Bill Maher did a segment on the Friday edition of Real Time with Bill Maher on what he felt are the unprecedented number of videos on social media depicting police brutality.
He included four video clips of recent incidents that have occurred across the country. All of the four videos were inflammatory and strike an emotional response from anyone who watches them. The Internet is great at making the exception appear to be the norm.
“If most cops are good, then why are there so many videos of them being bad? That’s a lot of videos of guys doing sh** that hardly ever happens,” Maher said. “But we also have to call men who wail on the defenseless while their buddies hold them down what they are, cowards.”
Let’s see, there are approximately 1 million police officers in the United States and around 18,000 agencies. How many contacts did they have with the public this past month? How many of those turned into a use of force, and how many of those turned into viral videos?
When a bad use of force does happen, we all have to admit it is ugly. If the use of force makes me cringe, I can only imagine the impact it has on the average person on the street. But, once again, the exception is not the norm.
Maher goes on to cite some pretty outrageous statistics, saying, “84 percent of cops say they have directly witnessed a fellow officer using excessive force and 61 percent say don’t always report serious abuse.”
That’s pretty bad, I thought. I wonder how I missed that study.
Using my graduate school research skills, I went on a hunt to find out where this information came from. A number of commentators and even a scholar or two reference the same 18-year-old National Institute of Justice study. But reading something on the internet doesn’t make it true. The problem is, that’s not what the study reported at all.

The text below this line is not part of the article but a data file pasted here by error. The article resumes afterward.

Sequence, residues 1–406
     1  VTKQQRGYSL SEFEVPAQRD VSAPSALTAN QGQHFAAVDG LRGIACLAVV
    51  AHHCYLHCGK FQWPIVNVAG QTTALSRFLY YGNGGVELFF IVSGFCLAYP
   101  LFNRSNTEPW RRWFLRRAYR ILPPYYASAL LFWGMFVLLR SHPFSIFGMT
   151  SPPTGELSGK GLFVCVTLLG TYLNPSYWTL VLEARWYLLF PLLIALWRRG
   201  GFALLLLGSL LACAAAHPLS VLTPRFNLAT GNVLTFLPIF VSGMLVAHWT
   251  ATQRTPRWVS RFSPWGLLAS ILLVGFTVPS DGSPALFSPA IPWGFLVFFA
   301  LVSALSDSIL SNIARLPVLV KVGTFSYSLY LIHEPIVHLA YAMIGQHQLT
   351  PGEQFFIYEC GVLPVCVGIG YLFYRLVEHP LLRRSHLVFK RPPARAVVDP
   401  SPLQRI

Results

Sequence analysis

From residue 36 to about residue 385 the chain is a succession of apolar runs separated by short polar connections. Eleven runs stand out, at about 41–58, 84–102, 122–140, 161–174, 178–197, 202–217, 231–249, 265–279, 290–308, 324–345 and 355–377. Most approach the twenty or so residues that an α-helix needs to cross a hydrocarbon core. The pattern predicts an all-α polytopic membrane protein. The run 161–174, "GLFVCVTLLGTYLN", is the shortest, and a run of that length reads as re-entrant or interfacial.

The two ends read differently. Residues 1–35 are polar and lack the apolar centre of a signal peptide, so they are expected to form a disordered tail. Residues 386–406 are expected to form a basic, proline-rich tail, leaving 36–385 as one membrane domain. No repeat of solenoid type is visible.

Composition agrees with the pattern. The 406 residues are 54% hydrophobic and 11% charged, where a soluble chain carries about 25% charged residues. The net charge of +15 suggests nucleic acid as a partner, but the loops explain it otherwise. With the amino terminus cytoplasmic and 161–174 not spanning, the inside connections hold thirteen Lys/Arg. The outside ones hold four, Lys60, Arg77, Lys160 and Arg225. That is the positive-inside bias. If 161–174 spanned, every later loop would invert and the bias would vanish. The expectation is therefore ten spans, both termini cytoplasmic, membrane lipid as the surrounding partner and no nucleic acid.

The question the study asked was: “(Do) Police officers (in your department) use more force than is necessary to make an arrest.” And 62.4 percent responded “seldom” while 21.7 percent responded “sometimes, often or always.” That’s not the same as saying they directly witnessed an officer using excessive force. This response would include anyone on the department who had been fired or disciplined for excessive force.
The study also said 61 percent of officers did not always report serious criminal violations that involve abuse of authority. The study did not specifically reference excessive force or specify the type of abuse. The number is disconcerting, but non-specific.
“We need better psychological screening to weed out the people who become cops as payback for high school…The police attracts bullies like the priesthood attracts pedophiles,” Maher said.
Wow! Way to stereotype an entire profession of 1 million people.
It’s easy to get angry at this kind of sophomoric response that is intended to foster a response. But you have to admit, Maher has a national platform. His rants are followed by millions and his audience applauded on cue at every biting comment.
Lastly, Maher said, “We need to stop saying most cops are good like we know that to be true. I hope it’s true but I need some evidence.”
Rather than sending him an email rant, I decided to send the requested evidence.
I posted a column about my dad on his Facebook page. I would estimate that 99 percent of the comments will blindly feed into his confirmation bias, but I wanted to provide the evidence he requested and let the evidence speak for itself.
I ask you do the same — wouldn’t it be great if he got more than he bargained for?
Joe is a retired police captain. He can be reached at firstname.lastname@example.org.